Connecting the dots
Thomas Jessell, a neuroscientist and codirector of Columbia’s Mind, Brain, and Behavior Initiative, received Canada’s Gairdner International Award, which honors significant contributions to medical science. The $100,000 prize is considered one of the most important in the medical field; many of its recipients have gone on to win the Nobel Prize. Jessell was recognized for his research revealing the basic principles of communication within the central nervous system... Columbia chemist Louis E. Brus ’69GSAS won the 2012 Bower Award and Prize for Achievement in Science, which comes with $250,000. Brus was honored for developing the quantum dot, a type of semiconductive nanocrystal that is used in solar cells, diode lasers, LEDs, and medical-imaging equipment.
National Humanities Medal Awarded
President Barack Obama ’83CC awarded Andrew Delbanco, the Mendelson Family Professor of American Studies and director of Columbia’s American Studies Center, a National Humanities Medal “for his writings on higher education and the place classic authors hold in history and contemporary life.” Delbanco, whom Time magazine once called “America’s best social critic,” is the author of College: What It Was, Is, and Should Be, the subject of this issue’s Booktalk interview.
New Brown University President
Christina Hull Paxson ’87GSAS will become president of Brown University on July 1, succeeding Ruth Simmons. Paxson studied economics at Columbia and since 2009 has been the dean of Princeton University’s Woodrow Wilson School of Public and International Affairs. She is also the founder of the Wilson School’s Center for Health and Wellbeing, which focuses on the impact of economic factors on children’s health and welfare.
The Daily Beast and Newsweek magazine included Jessica Greer Morris ’06PH on their list of “150 Fearless Women,” alongside names like Oprah Winfrey, Hillary Rodham Clinton, and Nobel laureate Leymah Gbowee. Morris was recognized for her work as executive director of Project Girl Performance Collective, which addresses women’s issues through theatrical productions, giving girls a space in which to write and perform their own work.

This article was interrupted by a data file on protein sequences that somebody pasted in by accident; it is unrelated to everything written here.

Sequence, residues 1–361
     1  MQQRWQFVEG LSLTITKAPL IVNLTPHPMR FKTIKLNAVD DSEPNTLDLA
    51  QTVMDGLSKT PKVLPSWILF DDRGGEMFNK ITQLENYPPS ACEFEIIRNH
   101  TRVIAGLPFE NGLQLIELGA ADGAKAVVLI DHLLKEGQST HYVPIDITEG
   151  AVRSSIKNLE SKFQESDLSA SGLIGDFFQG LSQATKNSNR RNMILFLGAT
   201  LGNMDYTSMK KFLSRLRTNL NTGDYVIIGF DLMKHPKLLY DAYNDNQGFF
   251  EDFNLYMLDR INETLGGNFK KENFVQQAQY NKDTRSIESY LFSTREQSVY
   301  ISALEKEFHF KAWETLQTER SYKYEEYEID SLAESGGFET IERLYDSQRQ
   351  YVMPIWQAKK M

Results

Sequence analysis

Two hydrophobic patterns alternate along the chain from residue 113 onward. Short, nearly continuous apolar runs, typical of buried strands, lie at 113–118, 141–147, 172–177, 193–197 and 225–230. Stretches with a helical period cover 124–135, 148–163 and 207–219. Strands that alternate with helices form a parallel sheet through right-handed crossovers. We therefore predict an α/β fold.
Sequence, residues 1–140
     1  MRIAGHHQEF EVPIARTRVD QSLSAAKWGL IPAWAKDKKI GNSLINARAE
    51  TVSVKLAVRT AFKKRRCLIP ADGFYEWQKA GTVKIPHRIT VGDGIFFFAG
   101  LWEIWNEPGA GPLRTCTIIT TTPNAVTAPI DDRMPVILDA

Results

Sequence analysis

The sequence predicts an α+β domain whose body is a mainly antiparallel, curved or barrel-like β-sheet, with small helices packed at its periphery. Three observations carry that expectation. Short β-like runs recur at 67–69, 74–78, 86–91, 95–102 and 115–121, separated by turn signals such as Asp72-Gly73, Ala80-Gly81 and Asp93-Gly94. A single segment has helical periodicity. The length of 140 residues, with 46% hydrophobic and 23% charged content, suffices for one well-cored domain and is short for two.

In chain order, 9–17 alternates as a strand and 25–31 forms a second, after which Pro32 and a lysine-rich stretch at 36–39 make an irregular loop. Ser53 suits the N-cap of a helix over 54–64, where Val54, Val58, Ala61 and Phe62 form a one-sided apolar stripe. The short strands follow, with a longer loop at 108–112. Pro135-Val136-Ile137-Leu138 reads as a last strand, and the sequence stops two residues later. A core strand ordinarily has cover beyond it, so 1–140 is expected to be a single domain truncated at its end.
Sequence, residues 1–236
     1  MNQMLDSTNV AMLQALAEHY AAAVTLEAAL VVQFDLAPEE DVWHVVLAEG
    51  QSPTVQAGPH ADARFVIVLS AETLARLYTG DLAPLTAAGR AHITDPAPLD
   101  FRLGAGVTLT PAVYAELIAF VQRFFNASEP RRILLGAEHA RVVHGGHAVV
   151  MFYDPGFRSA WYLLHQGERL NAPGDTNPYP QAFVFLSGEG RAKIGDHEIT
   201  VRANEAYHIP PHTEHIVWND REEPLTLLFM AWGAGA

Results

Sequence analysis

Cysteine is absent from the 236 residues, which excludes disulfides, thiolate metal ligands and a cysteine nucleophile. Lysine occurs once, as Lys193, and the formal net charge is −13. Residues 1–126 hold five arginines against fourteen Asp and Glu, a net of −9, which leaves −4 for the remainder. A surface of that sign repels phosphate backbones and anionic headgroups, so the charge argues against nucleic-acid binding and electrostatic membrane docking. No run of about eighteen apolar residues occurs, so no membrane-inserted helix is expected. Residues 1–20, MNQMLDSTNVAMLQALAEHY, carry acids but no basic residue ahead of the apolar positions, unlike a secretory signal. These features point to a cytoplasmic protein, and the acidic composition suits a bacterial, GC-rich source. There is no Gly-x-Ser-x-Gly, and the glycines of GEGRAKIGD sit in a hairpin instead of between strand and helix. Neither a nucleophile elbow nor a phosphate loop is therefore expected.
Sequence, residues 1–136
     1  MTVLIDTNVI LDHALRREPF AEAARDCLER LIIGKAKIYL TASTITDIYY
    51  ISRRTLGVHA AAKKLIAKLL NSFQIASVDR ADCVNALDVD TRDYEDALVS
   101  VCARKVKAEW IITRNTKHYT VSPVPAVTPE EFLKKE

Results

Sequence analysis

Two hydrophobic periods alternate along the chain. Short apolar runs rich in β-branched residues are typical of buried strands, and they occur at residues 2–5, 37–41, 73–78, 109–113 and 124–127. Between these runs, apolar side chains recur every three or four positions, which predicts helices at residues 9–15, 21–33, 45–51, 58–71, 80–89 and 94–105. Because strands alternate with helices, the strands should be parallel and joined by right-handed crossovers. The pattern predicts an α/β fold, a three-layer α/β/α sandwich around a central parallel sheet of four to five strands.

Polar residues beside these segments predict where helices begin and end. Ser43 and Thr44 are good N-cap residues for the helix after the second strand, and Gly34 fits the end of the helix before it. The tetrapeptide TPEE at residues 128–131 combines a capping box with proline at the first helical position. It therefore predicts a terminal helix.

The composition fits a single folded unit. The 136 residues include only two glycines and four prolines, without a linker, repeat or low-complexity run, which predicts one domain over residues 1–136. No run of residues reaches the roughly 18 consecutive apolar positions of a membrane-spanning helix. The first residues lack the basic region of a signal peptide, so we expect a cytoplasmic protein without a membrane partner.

If the startup fits...
Shopping has gone digital in two new ways, thanks to businesses started by alums. Clothes Horse, founded by Dave Whittemore ’06CC and Vik Venkatraman ’06SEAS, is a virtual dressing room, providing custom recommendations for sizing at more than fifty different online stores. Venkatraman, who formerly owned a tailoring company, created a series of algorithms that combines measurements submitted by the manufacturer and the customer to determine the best size and predict how well an item will fit.
Doug Krugman ’93BUS and Lynn Zises ’89BC, ’96BUS, ’96SIPA created some new competition for the Salvation Army, taking charity shopping online with their site WebThriftStore. Donors post and price their own items (ranging from $5 to $5,000), promote them instantaneously through social media, and select their charitable beneficiary from a list of site partners.
Jacob Andreas, a senior computer science major at Columbia’s engineering school, became the second Columbian in history — and the first since 1963 — to win a Churchill Scholarship for a year of study at the University of Cambridge. Andreas plans to use his time there to continue his research on computation and natural language.
Codecademy, a company founded by Ryan Bubinski ’11CC and Zach Sims, a current Columbia College student, was featured in the New York Times in March. The free site helps users to understand basic computing and Web languages through interactive lessons. New York City Mayor Michael Bloomberg pledged to use the site to learn code this year.
School of the Arts poetry professor Timothy Donnelly ’98SOA won the $100,000 Kingsley Tufts Poetry Award for his second collection, The Cloud Corporation. Donnelly, whom the New Yorker called “an acrobatic formalist,” is also a poetry editor at Boston Review.
Modern Terrorism, a play by Jon Kern ’07SOA, was selected for the second annual Laurents/Hatcher Foundation Award, which grants $50,000 to an emerging playwright and $100,000 to the nonprofit theater that produces the play’s premiere. The dark comedy, about “the difficulties of being a terrorist in the 21st century,” was chosen by the trustees of the foundation, formed in honor of writer Arthur Laurents (West Side Story, Gypsy) and his partner, Tom Hatcher.